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This Is The HFT "Malfunction" That "Roiled" The Market And Cost Citadel $70,000

Back on June 3, 2013, following what was merely the latest observation of how broken the market is thanks to central banks manipulation and HFT rigging, we wrote the following:

Why did the E-Mini just dump by 6 points on no news following the 6pm resumption of trading? Why not.


Maybe someone hacked the vacuum tubes' calendar file and instead of Tuesday has pegged tomorrow as a Wednesday which takes away any "fundamental" reason to ramp futures and stocks (or perhaps someone leaked that after Tuesday we get a Wednesday when nothing levitationally magical happens, which however makes no sense: after all someone could just as easily refute that rumor with another rumor that yet another Tuesday will follow a week from  tomorrow, offsetting the Wednesday rumor).


That, or your run of the mill fat finger.


Or, worst case, someone actually, gulp, selling with premeditated intent (which in the new normal is at least a 2nd degree felony, somewhere up there alongside marketslaughter).



And as happens with nearly 100% regularity nowadays, our snarky commentary on what takes place behind the scenes was once again almost 100% accurate. Because earlier today we learned precisely what happened.

Not surprisingly, it was an HFT, and it was premeditated selling, if only by a rogue algo, which as Bloomberg earlier described "roiled S&P futures."  The guilty party was none other than the NY Fed's favorite hedge fund, the one which the Plunge Protection Team "uses" to buy E-minis at key downward inflection points. From Bloomberg:

Citadel Fined for Software Bug That Roiled S&P Futures


Citadel LLC was fined $70,000 by CME Group Inc. for roiling Standard & Poor’s 500 Index futures trading in June 2013, an event triggered by a software bug at the firm. The hedge fund firm’s Citadel Securities division unintentionally placed trades that had already been executed, causing “an atypical short-term increase in trading volume” that swayed prices for E-mini futures on the S&P 500, CME Group said in a disciplinary action released Monday. Citadel didn’t admit or deny breaking the exchange’s rules. Katie Spring, a spokeswoman for Chicago-based Citadel, declined to comment. The malfunction lasted only about a minute, underscoring how quickly computerized trading systems can run amok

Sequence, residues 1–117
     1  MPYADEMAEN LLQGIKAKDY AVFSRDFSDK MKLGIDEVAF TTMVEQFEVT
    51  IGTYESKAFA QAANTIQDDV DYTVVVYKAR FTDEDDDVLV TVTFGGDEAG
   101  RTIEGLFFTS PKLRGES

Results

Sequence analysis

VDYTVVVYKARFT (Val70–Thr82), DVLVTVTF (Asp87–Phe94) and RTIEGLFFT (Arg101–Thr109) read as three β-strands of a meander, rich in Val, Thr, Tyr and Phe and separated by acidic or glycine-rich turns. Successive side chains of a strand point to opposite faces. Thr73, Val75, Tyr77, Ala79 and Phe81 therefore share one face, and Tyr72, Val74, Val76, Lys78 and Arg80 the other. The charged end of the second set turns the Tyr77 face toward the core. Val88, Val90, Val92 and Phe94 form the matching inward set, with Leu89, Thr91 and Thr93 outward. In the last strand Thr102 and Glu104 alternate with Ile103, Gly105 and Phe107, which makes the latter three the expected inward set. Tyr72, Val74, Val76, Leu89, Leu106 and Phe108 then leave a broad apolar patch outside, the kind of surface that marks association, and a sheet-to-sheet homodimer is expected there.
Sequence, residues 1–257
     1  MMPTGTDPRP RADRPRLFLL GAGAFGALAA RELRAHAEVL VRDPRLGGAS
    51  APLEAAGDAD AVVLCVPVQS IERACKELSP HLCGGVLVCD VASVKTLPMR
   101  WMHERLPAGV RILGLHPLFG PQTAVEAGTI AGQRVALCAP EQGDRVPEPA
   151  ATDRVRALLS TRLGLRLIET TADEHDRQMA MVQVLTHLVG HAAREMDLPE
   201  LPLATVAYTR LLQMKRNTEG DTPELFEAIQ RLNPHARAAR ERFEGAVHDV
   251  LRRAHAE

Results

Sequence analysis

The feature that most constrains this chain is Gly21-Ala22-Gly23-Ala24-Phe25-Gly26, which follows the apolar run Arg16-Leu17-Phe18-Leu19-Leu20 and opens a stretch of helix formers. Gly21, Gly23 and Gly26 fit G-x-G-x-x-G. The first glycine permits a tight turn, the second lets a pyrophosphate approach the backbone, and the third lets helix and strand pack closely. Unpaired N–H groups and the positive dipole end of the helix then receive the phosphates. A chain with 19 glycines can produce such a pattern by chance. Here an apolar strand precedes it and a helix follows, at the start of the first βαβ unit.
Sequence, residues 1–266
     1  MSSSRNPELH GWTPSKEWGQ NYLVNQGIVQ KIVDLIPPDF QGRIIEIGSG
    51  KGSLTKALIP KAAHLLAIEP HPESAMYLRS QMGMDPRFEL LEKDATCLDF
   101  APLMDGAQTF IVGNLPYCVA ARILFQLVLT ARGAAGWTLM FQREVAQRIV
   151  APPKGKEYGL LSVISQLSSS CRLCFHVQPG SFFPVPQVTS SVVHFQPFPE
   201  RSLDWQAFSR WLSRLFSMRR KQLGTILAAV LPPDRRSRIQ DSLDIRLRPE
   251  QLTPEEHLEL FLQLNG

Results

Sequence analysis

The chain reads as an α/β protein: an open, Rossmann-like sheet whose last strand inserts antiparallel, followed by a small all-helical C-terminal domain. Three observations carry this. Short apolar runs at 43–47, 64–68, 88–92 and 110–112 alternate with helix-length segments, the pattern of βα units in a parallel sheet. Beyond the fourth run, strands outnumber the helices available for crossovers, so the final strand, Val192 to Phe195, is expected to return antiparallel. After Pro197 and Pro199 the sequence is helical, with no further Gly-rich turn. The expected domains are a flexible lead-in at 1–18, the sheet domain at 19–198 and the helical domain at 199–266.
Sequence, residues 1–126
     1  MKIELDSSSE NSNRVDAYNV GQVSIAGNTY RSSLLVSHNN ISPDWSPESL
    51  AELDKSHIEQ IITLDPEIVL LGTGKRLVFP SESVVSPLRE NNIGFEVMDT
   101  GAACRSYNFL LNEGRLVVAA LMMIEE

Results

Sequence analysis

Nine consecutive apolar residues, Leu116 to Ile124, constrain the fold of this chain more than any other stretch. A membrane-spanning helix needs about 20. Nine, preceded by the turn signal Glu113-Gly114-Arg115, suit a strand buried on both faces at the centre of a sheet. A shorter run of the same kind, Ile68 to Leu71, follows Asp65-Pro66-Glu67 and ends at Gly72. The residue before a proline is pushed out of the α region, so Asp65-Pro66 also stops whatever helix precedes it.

Yes, just one "hedge fund", the one with the highest leverage in the world, moved the S&P by 6 points, or about 0.3%, just because of an HFT "server software malfunction." Yes, the 9x regulatory, and highest in the world, leverage helps when just one hedge fund is mandated to move the entire market.



And the biggest sarcasm of all: Citadel's rogue selling wasn't a "2nd degree felony" but it was close, and was what CME dubbed a market "offense." From the CME:

Pursuant to an offer of settlement in which Citadel Securities LLC (“Citadel”) neither admitted nor denied the rule violations upon which the penalty is based, on March 19, 2015, a Panel of the Chicago Mercantile Exchange Business Conduct Committee (“Panel”) found that it had jurisdiction over Citadel pursuant to Rules 400 and 402 as the conduct occurred while Citadel was a CME member, and during an approximately one-minute period on June 3, 2013, Citadel entered a series of unintentional orders on the Globex electronic trading platform.

What exactly caused the "roiling"?

This unintentional order entry activity was caused by a software malfunction in a server that Citadel used to route orders to the Exchange. As a result of this malfunction, Citadel resent to the Exchange for execution orders that had previously been filled, which in turn caused an atypical short-term increase in trading volume and impacted the price in the E-mini S&P Futures market.

And the penalty?

The Panel concluded that Citadel thereby violated CME Rule 432.Q. In accordance with the settlement offer, the Panel ordered Citadel to pay a fine of $70,000.

Or what Citadel earns in about 100 milliseconds of market rigging.

And to think, all of these market rigging unpleasantness could have been avoided, if only Citadel's "software malfunction" had led to buying instead of selling.

Oh well, lesson learned.